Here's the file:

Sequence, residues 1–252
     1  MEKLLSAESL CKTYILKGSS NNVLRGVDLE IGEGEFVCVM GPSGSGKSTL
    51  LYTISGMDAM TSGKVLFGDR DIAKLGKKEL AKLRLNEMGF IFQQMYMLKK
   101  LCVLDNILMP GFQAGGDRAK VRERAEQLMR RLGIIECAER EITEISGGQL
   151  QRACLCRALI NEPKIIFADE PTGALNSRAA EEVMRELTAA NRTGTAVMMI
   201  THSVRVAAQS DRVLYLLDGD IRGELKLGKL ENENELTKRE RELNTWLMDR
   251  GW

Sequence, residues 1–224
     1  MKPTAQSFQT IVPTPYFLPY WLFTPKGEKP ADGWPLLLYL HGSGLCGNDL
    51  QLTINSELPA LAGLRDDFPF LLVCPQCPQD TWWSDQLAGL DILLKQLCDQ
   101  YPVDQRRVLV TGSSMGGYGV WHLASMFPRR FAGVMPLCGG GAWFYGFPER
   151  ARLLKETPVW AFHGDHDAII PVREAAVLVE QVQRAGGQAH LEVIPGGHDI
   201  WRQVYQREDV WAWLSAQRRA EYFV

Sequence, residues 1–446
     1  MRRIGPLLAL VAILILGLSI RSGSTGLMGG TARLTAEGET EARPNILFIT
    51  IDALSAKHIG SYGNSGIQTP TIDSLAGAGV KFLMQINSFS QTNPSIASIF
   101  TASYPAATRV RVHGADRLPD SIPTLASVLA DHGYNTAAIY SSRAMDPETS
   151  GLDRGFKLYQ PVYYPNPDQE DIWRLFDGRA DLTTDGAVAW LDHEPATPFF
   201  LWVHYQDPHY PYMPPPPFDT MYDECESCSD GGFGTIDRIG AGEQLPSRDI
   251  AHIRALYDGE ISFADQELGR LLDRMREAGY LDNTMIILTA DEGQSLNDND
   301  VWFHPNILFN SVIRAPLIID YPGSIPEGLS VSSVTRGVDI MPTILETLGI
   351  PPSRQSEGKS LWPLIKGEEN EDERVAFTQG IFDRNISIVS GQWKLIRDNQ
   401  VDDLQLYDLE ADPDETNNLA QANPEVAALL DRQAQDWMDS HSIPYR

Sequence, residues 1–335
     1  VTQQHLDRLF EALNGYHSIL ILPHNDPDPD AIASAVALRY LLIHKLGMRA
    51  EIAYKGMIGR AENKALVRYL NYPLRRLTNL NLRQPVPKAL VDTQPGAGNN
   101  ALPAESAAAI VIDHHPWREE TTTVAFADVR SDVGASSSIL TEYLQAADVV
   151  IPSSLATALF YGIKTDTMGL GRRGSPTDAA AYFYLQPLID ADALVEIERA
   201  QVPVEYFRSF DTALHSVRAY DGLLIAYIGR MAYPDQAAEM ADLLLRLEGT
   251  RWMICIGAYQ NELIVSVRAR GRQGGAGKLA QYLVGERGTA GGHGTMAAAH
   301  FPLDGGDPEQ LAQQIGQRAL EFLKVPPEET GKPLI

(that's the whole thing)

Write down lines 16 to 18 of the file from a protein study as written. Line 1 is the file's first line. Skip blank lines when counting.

    51  IDALSAKHIG SYGNSGIQTP TIDSLAGAGV KFLMQINSFS QTNPSIASIF
   101  TASYPAATRV RVHGADRLPD SIPTLASVLA DHGYNTAAIY SSRAMDPETS
   151  GLDRGFKLYQ PVYYPNPDQE DIWRLFDGRA DLTTDGAVAW LDHEPATPFF